On December 1, 1949, the Robins were part of a Johnny Otis Savoy session (held, like all of their Savoy sessions, at Radio Recorders in Los Angeles). With Ralph Bass as producer, some half-dozen masters were recorded. The first, “I'm Not Falling In Love With You,” (the Johnny Otis Quintet, with vocal by Devonia “Lady Dee” Williams, Otis' piano player) did not include the Robins. Four Robins tunes followed: “If It's So Baby,” “Our Romance Is Gone,” “If I Didn't Love You So,” and “There's Rain In My Eyes.” Bobby Nunn is featured on all the Robins sides and Otis' vibraharp can be heard on “There's Rain In My Eyes.”

With 20 minutes left on the studio clock, Otis gave Esther Jones (now billed as “Little Esther”) the chance to try a song called “Double Crossin' Blues,” and told the Robins to back her up. Although recorded almost as an afterthought, this song would go on to become one of Savoy's best-selling records.

Bass sent the session tapes back to Lubinsky who selected the bluesy “If I Didn't Love You So,” and the upbeat “If It's So Baby,” as the group's first release late in December 1949. Original 78 RPM pressings of this disc credit the group as “The Four Robins with Johnny Otis' Orchestra.”

On January 11, 1950, the whole aggregation was back in the studio again to record some more tunes. This time there was: “Lost In A Dream” (Little Esther, with the Johnny Otis Orchestra), “Turkey Hop, Part 2,” “Turkey Hop, Part 1” (the Robins), “Cry Baby” (Mel Walker with the “Blue Notes,” in actuality the Robins), “Lovers' Lane Boogie” (Little Esther with the Blue Notes; once again it's the Robins, with Bobby Nunn dueting with Esther), and “I Found Out My Troubles” (the Robins, with Bobby in the lead and Otis' vibraharp). Note that part 2 of “Turkey Hop” (the instrumental side) was actually recorded first, and features Big Jay McNeely on tenor sax and his brother, Bobby, on baritone sax.

“If I Didn't Love You So,” was reviewed the week of January 14, 1950, along with Wynonie Harris' “Sittin' On It All The Time,” Paul Williams' “Cranberries,” Tiny Bradshaw's “Gravy Train,” Tiny Grimes' “See See Rider,” and Jewel King's “3 x 7 = 21.” Oh yes, one other song reviewed that week was Bobby Nunn's “Why Did You Leave Me Baby.” “If It's So Baby” eventually became a national R&B hit, peaking at #10.

Later that month, Savoy issued “Double Crossin' Blues.” Strangely, considering all the Robins material they had, Savoy paired it with an old master by the Beale Street Gang, which had been recorded in the spring of 1949. “Double Crossin' Blues” was destined to become a winner. It features hilarious repartee between Little Esther and Bobby Nunn, culminating in:


Of course, to fully understand why the song was as big a hit as it was, you need to know that “lady bear” was black slang for an ugly woman who was sexually aggressive! On March 4, it reached the top of the R&B charts, a position it would hold for nine of the 22 weeks it spent on the list.

The song had originally been submitted to Otis by songwriter Jessie Mae Robinson. Otis fooled around with it, adding the above dialog, which he remembered from a black comedy act called Apus and Estrelita. (Jessie will return to our story a little later.) Bass sent the dub of this to Lubinsky, who didn't like it. It probably would have remained unreleased except for the lucky coincidence that Bill Cook, host of the “Musical Caravan” on Newark's WAAT, happened to be in his Lubinsky's office when it was playing. Cook took the dub, played it on his show that evening, and the rest, as they say, is history.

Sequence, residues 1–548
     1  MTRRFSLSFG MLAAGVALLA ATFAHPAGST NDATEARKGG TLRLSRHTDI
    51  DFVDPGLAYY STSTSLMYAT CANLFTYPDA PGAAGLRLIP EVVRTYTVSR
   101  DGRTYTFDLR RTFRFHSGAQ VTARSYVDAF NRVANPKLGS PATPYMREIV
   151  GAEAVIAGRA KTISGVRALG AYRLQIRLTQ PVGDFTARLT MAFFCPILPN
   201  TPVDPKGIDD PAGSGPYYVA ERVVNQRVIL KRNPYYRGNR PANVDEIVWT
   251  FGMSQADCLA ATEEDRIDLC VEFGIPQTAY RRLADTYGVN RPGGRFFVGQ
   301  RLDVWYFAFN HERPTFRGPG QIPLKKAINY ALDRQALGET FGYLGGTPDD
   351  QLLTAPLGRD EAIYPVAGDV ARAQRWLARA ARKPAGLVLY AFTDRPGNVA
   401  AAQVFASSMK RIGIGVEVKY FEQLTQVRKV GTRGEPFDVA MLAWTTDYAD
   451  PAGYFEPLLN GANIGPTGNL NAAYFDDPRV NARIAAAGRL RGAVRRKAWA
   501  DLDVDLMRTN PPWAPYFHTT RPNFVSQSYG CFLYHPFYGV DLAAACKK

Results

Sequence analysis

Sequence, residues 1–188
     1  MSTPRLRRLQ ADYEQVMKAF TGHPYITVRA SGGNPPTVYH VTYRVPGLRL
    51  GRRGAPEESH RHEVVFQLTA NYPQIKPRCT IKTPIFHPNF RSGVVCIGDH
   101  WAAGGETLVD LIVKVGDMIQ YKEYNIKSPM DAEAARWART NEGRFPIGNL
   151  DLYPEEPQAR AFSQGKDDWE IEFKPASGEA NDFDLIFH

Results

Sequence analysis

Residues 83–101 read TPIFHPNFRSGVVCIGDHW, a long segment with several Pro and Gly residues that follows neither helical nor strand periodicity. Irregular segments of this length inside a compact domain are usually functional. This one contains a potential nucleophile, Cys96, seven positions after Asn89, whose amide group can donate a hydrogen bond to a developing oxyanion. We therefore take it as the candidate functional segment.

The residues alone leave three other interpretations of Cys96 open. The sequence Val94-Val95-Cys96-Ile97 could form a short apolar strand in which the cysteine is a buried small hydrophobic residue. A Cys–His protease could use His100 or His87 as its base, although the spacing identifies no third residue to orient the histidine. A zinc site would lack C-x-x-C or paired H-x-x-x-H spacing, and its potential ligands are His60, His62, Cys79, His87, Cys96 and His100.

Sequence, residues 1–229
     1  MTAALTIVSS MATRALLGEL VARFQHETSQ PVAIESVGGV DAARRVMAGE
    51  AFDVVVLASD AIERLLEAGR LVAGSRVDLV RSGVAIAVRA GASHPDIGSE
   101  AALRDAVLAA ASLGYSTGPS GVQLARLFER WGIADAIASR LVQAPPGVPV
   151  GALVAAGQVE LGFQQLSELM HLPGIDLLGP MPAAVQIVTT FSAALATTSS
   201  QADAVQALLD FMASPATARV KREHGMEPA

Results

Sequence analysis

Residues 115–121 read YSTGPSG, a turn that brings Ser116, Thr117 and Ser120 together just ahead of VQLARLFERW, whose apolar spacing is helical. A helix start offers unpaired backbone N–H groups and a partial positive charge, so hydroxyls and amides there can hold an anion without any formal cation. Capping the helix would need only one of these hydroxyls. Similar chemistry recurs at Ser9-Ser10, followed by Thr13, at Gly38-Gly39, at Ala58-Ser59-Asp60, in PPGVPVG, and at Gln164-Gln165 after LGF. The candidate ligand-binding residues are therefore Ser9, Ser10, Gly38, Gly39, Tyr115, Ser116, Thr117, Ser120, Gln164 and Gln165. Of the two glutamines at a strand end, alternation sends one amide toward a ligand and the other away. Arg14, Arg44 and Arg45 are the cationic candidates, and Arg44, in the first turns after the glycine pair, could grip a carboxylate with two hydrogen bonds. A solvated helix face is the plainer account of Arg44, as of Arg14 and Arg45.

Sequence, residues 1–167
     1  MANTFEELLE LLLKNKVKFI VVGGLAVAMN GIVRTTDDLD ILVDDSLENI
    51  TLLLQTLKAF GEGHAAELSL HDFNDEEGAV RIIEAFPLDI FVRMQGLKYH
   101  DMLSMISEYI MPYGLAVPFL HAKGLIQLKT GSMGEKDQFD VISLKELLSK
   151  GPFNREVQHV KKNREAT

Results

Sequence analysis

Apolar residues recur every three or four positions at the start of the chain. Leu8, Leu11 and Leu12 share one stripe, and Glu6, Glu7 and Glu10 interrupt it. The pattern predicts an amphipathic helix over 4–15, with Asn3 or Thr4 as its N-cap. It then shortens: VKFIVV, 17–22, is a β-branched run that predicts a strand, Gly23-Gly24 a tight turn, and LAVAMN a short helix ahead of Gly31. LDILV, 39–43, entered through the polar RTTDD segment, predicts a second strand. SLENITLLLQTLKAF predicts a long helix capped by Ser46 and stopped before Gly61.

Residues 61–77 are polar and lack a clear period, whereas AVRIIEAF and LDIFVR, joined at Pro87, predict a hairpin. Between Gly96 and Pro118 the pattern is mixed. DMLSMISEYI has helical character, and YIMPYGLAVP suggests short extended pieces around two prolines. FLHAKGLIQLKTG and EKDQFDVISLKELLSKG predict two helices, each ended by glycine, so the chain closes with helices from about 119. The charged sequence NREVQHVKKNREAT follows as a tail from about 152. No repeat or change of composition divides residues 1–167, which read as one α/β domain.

“Double Crossin' Blues” was reviewed the week of January 21, along with Johnny Moore's 3 Blazers' recording of “Driftin' Blues” and the Flames' “Please Tell Me Now.” This review came three days after Herman Lubinsky announced the first 45s to be released on the Savoy label.

Also in January 1950, Lubinsky announced the “Savoy Barrelhouse Caravan,” with Johnny Otis, Little Esther, the Robins, Mel Walker and Redd Lyte (Floyd Hollis). It was scheduled to begin in Houston on February 10, but the Robins' next session took place three days later, in Los Angeles. How could this be?

Little Esther & the BluenotesAt the Kaliko Kat - 1/20/51The tour actually did take place in the winter and spring of 1950, although it started a bit later than originally planned, possibly to fit in this recording session. The Robins, however, were not a part of it. Before the tour, the quartet and Otis had a falling out over the amount they were being paid, and the bandleader, in effect, fired the Robins. While it cannot be stated for certain, it is believed that the group shown in a 1950 promotional photo with Little Esther and billed as the Bluenotes (guitarist Pete Lewis, tenor saxman Lorenzo Holden, Mel Walker, and bassist Mario Delagarde) performed the Robins' material during the Barrelhouse Caravan tour. Terrell Leonard has stated that the original Robins never toured with Otis. Almost a year later, Otis was still capitalizing on "Double Crossin' Blues." On January 20, 1951, his orchestra, along with Little Esther, Mel Walker, Redd Lyte, and the "4 Blue Notes" appeared at the Kaliko Kat in Wichita, Kansas as the "Double Crossin' Blues Revue."

The songs recorded by the Otis aggregation on February 13 were: “Misery” (Little Esther with the Johnny Otis Ork.), “I'm Through,” “I'm Livin' O.K.,” “There Ain't No Use Beggin',” and “You're Fine But Not My Kind,” all by the Robins. These were all led by Bobby with the exception of “There Ain't No Use Beggin',” which featured a rare lead by Billy Richard.

In February, Savoy issued “Turkey Hop.” That same month they also released Mel Walker's “Cry Baby” (with the Robins, as the “Bluenotes,” backing him) on Savoy's Regent subsidiary; the flip, “I'm Not Falling In Love With You,” didn't have the Robins.